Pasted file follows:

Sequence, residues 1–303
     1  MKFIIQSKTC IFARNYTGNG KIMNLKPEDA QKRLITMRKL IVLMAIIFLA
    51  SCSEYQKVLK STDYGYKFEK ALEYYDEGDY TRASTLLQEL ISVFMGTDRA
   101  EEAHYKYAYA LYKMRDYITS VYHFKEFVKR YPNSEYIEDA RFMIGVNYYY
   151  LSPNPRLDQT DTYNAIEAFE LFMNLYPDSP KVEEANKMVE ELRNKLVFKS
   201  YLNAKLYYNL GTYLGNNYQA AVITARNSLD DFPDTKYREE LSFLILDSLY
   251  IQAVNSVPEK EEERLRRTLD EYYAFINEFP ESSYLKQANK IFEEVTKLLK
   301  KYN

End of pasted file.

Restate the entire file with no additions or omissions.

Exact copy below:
Sequence, residues 1–303
     1  MKFIIQSKTC IFARNYTGNG KIMNLKPEDA QKRLITMRKL IVLMAIIFLA
    51  SCSEYQKVLK STDYGYKFEK ALEYYDEGDY TRASTLLQEL ISVFMGTDRA
   101  EEAHYKYAYA LYKMRDYITS VYHFKEFVKR YPNSEYIEDA RFMIGVNYYY
   151  LSPNPRLDQT DTYNAIEAFE LFMNLYPDSP KVEEANKMVE ELRNKLVFKS
   201  YLNAKLYYNL GTYLGNNYQA AVITARNSLD DFPDTKYREE LSFLILDSLY
   251  IQAVNSVPEK EEERLRRTLD EYYAFINEFP ESSYLKQANK IFEEVTKLLK
   301  KYN